The murdered people of Sijekovac are the victims of the first Bosnia and Herzegovina’s war crime. There are many pieces of evidence to that crime, just like there are numerous pieces of evidence to other crimes in Brod the victims of which were Serbs. The case including evidence was submitted on May 22, 2002 to the Hague war crimes tribunal investigators and the Tribunal transferred it to the Prosecutor’s Office of BiH in 2006. The Prosecutor’s Office has not done anything yet to prosecute the crime.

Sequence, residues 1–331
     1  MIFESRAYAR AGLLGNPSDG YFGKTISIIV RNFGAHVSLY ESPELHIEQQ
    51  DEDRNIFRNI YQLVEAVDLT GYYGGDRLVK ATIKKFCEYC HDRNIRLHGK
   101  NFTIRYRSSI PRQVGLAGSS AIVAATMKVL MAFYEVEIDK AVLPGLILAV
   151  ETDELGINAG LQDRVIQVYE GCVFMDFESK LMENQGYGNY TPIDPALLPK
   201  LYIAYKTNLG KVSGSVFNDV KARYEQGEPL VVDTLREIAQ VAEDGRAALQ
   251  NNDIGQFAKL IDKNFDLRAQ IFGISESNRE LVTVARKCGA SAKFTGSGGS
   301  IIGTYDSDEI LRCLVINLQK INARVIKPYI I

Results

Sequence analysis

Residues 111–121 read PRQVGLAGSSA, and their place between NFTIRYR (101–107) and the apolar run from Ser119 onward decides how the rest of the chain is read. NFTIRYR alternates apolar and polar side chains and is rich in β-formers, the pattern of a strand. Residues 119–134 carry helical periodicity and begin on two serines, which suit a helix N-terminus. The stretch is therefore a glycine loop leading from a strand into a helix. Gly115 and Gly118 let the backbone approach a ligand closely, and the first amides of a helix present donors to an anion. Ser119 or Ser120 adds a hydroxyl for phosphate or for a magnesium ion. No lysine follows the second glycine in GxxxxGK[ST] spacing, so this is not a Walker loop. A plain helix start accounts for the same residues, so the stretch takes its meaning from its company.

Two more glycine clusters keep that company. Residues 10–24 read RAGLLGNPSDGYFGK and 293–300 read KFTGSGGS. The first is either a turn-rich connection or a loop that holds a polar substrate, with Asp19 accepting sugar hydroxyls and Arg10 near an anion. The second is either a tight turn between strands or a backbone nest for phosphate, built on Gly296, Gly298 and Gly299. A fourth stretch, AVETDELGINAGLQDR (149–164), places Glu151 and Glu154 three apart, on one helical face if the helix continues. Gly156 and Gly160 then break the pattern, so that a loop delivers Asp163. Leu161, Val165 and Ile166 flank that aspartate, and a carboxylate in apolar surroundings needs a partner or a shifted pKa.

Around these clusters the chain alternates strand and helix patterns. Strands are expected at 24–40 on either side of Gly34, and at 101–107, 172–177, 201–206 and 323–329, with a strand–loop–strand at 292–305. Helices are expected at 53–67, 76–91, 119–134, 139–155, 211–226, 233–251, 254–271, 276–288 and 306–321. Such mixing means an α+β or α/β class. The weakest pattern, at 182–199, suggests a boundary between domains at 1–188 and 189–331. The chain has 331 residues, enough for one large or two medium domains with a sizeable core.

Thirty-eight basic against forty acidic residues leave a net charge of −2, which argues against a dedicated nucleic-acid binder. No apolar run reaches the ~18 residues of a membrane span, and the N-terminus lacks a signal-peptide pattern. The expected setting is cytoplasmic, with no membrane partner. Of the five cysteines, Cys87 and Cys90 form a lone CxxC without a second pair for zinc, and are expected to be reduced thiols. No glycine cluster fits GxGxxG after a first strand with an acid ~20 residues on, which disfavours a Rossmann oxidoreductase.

The District Prosecutor’s Office in Doboj has confirmed the indictment against Nijaz Čaušević aka Medo, Marko Miloš, 62, and Miroslav Kopljar, 44, for crimes against the Serb civilians in Sijekovac of 1992. Nijaz Čaušević Medo was the commander of the so-called HVO Intervention Platoon, whose members committed the crime in Sijekovac. The platoon had 68 soldiers.
The Military court of the former Yugoslavia submitted the evidence of the crime committed by the Intervention Platoon to the Doboj District Prosecutor’s Office even back in 1993. It also submitted witness statements and a list of perpetrators’ names. Marko Grabovac thinks that the Prosecutor’s Office of BiH is shrinking from the Sijekovac case in order to avoid the questions that would arise.